A child who falls usually has no trouble getting back up. But the same isn’t true for older adults. In fact, falling is a serious health hazard: It’s the leading cause of injury-related death for people 65 and over. So it’s troubling to learn that most older adults are taking medication that makes them dizzy, weak or otherwise unsteady.

In a study published earlier this year, researchers from the State University of New York at Buffalo looked at data on medications known to increase the risk of falling. In 2017, the most recent year in the study, 94% of adults over 65 filled at least 1 prescription with a fall risk. This is up from 57% in 1999.

Also troubling: Between 1999 and 2017, the number of fall-related deaths more than doubled. The researchers couldn’t say for sure that medication was responsible for the increase, but they didn’t rule it out. (Don’t forget: Once you and your doctor decide on a medication, our app can help you save money.) Regardless, you’d be smart to assess your risk and make sure you’re doing everything you can to avoid an accident.

Why are falls so dangerous for seniors?

When older adults fall, they’re more likely to experience bone fractures or head injuries, says Wayne Jonas, MD, the executive director of Samueli Foundation’s Integrative Health Programs in Corona Del Mar, California. And because older bodies often heal more slowly, injuries are more likely to lead to complications.

Using data from 2018, researchers from the Centers for Disease Control and Prevention determined that more than 1 in 4 older adults fell at least once during the year. And more than 10% of those falls resulted in an injury.

“Even falls from ground level can have serious consequences,” says Dr. Jonas. He notes that 1 in 3 older adults who experience a short fall will die within 3 years. The fall might not be the direct cause, but for adults who are already struggling with other health issues, new injuries often make existing problems worse.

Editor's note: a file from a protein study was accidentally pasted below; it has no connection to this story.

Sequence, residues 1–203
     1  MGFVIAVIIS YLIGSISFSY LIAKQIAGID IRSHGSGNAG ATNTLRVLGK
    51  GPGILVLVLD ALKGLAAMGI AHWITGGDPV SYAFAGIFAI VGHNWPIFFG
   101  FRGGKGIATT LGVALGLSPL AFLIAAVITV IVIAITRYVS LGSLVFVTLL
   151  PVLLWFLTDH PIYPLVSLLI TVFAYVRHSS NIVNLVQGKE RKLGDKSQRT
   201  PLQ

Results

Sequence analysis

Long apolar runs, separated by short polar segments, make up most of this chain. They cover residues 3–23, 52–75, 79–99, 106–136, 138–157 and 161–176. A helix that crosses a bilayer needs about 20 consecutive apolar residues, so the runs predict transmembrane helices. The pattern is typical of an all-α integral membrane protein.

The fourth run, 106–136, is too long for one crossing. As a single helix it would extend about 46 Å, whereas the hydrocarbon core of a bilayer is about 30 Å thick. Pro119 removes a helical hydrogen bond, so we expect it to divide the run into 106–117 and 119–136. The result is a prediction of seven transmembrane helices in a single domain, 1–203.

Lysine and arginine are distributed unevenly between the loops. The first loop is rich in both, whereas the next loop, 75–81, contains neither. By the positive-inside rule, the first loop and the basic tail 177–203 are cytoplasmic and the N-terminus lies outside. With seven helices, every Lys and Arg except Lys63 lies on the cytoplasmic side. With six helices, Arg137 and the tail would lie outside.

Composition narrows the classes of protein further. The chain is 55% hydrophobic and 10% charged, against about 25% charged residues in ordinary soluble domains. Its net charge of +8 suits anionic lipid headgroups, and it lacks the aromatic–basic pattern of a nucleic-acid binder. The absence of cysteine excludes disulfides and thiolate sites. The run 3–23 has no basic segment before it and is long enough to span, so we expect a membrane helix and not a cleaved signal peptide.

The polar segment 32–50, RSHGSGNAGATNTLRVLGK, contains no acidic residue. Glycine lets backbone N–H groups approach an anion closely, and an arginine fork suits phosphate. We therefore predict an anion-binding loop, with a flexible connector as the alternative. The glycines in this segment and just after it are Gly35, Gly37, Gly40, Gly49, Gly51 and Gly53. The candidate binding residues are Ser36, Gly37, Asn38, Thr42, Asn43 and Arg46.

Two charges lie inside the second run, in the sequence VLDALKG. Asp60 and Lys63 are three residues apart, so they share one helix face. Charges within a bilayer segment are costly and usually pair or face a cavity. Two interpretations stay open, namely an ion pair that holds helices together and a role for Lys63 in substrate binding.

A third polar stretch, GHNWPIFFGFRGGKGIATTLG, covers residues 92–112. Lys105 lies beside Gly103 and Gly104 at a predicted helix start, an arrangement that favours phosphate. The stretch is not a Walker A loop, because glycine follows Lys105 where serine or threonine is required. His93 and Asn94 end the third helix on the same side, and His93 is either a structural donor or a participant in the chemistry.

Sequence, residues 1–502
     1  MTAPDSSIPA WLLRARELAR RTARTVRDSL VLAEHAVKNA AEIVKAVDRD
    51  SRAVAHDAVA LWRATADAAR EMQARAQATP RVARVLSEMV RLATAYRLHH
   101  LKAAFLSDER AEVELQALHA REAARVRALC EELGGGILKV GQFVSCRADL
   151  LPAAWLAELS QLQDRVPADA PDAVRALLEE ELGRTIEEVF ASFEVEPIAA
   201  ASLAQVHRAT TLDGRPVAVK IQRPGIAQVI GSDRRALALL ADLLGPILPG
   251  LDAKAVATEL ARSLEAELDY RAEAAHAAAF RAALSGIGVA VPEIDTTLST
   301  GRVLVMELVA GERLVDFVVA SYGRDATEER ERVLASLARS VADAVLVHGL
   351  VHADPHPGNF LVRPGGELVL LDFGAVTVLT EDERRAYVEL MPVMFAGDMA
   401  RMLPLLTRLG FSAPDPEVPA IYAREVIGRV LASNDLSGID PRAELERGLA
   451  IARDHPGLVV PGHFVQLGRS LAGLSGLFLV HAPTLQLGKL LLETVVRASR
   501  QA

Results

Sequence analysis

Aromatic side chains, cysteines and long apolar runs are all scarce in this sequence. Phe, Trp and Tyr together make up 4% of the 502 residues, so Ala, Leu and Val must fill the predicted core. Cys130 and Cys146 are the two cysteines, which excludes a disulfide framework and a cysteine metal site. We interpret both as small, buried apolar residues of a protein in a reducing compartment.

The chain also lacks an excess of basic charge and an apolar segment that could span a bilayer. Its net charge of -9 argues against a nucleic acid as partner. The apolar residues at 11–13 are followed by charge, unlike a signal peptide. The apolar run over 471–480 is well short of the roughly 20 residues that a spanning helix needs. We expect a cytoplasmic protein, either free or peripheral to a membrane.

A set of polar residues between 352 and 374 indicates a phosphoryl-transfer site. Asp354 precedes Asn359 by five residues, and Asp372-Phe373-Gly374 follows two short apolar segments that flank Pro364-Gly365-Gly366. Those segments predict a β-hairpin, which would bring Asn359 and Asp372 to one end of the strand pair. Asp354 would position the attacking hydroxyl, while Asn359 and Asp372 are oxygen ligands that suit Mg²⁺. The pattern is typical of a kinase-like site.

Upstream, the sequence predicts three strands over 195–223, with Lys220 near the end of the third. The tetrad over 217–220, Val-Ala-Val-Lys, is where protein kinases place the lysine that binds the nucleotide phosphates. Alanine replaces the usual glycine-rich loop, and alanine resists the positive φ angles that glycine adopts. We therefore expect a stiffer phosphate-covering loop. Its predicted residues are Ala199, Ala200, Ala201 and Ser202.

Which medications can affect my fall risk?

Medications that make you tired, dizzy or foggy-headed could increase your risk. So can those that diminish your strength or blur your vision. These are the medications to watch out for:

One problem is that older adults often metabolize medication more slowly than younger adults, says Dr. Jonas. So side effects can linger for days. 

What’s worse, some medications also increase your odds of injury. So if you do fall, you’re more likely to end up in the hospital. Dr. Jonas points specifically to benzodiazepine anticonvulsants such as clonazepam (Klonopin®), diazepam (Valium®) and lorazepam (Ativan®). (Here are 5 things you should know before taking lorazepam for anxiety.)

Some of these medications can interfere with calcium absorption, and they have been linked to lower bone quality, especially in men. In a recent study from Australia, men taking anticonvulsants had 9.1% less mineral density, which is a measure of bone strength.

Dr. Jonas also points out the risk of alcohol. “Remember that alcohol is a drug that can also reduce your balance or impair your judgment,” he says. “So you think you are okay when you are not, and that can increase risky fall-prone behavior.”

How can I reduce my risk of falls if I take a medication that increases that risk?

Don’t ignore the risk. If you take a proactive approach, you can avoid a fall-related injury, says Dr. Jonas. Here’s what he recommends.